Saudi envoy discusses Syria war crimes probe with top judge

Saudi Arabia’s ambassador to the Abdallah Al-Mouallimi meets former French judge Catherine Marchi-Uhel in New York. (SPA)
Updated 26 April 2019

Saudi envoy discusses Syria war crimes probe with top judge

  • Abdallah Al-Mouallimi met former French judge Catherine Marchi-Uhel, who leads the International, Impartial and Independent Mechanism (IIIM)

NEW YORK: Saudi Arabia’s ambassador to the United Nations on Thursday met the head of an organization that helps to investigate and prosecute Syria war crimes, the Saudi Press Agency (SPA) reported.

Abdallah Al-Mouallimi met former French judge Catherine Marchi-Uhel, who leads the International, Impartial and Independent Mechanism (IIIM).

The body’s mandate is to assist in the investigation and prosecution of those responsible for the most serious crimes under international law committed in Syria since March 2011.

The meeting was at the Kingdom’s permanent mission to the UN in New York, where both sides discussed the work of IIIM and the international support provided.

Saudi Arabia was one of the countries that voted during the UN General Assembly in favor of establishing IIIM, with the aim of  collecting, consolidating, preserving and analyzing information and evidence of violations of international humanitarian law, international crimes, and human rights violations and abuses; and preparing files to facilitate and expedite fair and independent criminal proceedings, in accordance with international law standards.

Earlier this week a Saudi representative to the UN warned that there would be “no peace without justice” in the long-running Syrian conflict, SPA reported.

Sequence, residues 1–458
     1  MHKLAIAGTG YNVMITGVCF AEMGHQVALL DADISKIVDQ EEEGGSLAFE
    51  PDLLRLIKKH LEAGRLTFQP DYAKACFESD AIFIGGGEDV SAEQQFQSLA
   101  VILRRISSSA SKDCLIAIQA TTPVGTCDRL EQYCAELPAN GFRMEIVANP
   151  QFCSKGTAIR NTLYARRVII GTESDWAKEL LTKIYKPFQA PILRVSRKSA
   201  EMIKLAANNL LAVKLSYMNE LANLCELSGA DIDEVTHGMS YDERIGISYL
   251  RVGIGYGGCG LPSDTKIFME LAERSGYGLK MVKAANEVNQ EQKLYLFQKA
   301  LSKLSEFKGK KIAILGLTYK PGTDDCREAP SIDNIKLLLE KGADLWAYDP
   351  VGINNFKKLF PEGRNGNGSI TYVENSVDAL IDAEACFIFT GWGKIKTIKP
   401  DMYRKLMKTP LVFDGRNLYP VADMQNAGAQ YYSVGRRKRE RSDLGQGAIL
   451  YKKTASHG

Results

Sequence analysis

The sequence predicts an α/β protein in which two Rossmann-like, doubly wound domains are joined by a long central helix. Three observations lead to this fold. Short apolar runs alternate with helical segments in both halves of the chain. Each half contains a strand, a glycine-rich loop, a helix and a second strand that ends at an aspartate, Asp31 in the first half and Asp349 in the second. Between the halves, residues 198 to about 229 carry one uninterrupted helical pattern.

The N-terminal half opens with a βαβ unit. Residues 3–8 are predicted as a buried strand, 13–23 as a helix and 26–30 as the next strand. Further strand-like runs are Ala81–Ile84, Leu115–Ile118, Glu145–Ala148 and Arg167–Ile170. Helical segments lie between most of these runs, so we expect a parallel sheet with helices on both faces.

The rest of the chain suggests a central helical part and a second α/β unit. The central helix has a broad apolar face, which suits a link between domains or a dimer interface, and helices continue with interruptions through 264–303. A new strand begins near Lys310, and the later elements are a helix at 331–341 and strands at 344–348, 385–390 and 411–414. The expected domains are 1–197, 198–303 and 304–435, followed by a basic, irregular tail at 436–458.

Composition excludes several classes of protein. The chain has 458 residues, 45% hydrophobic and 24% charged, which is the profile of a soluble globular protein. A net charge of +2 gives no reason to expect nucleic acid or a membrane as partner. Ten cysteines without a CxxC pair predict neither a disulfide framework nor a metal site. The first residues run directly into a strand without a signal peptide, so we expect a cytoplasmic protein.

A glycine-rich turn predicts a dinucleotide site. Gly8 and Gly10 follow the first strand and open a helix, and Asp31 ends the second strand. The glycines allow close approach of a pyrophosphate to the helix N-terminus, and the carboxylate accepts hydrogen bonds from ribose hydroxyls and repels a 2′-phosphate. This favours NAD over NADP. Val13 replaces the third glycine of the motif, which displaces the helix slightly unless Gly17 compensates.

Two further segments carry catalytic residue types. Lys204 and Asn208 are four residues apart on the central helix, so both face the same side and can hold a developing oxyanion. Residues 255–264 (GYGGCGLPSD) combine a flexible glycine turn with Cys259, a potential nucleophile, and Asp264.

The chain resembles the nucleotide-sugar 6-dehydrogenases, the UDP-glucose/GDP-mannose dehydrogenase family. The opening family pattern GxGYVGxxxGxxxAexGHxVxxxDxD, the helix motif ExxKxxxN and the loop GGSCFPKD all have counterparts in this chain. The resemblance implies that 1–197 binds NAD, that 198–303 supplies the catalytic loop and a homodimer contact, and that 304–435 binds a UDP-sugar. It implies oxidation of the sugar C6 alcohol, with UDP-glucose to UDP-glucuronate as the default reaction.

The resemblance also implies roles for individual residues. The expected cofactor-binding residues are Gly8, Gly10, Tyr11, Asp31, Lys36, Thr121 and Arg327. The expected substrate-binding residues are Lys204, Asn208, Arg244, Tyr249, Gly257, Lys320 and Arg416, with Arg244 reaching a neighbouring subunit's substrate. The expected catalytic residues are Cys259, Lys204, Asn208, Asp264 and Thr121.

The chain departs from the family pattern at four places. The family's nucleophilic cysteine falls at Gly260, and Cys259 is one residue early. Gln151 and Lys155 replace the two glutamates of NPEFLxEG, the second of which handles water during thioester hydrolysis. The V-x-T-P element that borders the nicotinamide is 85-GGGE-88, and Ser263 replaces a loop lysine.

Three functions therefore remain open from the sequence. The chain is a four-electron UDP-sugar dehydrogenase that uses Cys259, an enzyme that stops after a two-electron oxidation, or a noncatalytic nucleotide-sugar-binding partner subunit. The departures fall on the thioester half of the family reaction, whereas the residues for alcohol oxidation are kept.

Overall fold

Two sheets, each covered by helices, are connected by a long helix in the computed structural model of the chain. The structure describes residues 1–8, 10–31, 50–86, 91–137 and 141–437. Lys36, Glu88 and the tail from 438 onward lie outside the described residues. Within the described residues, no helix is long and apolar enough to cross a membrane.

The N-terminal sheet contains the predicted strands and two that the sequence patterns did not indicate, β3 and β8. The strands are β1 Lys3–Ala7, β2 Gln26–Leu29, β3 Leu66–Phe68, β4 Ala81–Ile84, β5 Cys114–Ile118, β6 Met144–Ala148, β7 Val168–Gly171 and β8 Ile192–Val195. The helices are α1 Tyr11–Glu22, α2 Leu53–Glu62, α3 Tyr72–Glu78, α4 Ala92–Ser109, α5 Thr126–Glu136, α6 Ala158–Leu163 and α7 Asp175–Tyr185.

Dr. Khaled Manzlawiy, deputy permanent representative of the permanent mission of Saudi Arabia to the UN in New York, took part in talks on ways to protect the rights of Syrian war victims.

IIIM had been set up as a result of the UN Security Council’s inability to lay the foundations for international peace and justice, and the failure of previous decisions on human rights in Syria regarding the protection of displaced people and the preservation of life, he added.
 


Saudi anti-graft agency probes 105 corruption cases in different sectors

Updated 08 July 2020

Saudi anti-graft agency probes 105 corruption cases in different sectors

  • A Nazaha official said the Kingdom will continue to pursue cases of misappropriation of public money
  • The cases involved fraud, bribery, and financial and professional corruption

RIYADH: The Saudi Control and Anti-Corruption Authority (Nazaha) has initiated 105 corruption cases in the health, interior, power, and education sectors.
The cases involved fraud, bribery, and financial and professional corruption.
A Nazaha official said the Kingdom will continue to pursue cases of misappropriation of public money and harming state interests.
One of the cases involves the arrest of three employees working at the Saudi Electricity Co. for receiving a bribe amounting to €535,000 ($604,570) from a French company and opening bank accounts in another country (at the request of the company) for money laundering. Another case is the arrest of a university faculty member for asking for a bribe amounting to SR80,000 ($21,328) from a number of companies working on different projects at the university.
The authority also arrested a doctor at the Ministry of Health for violating the regulations at a quarantine facility.
A brigadier general was arrested for using his official vehicle to facilitate the passage of another private vehicle through security points during the curfew period.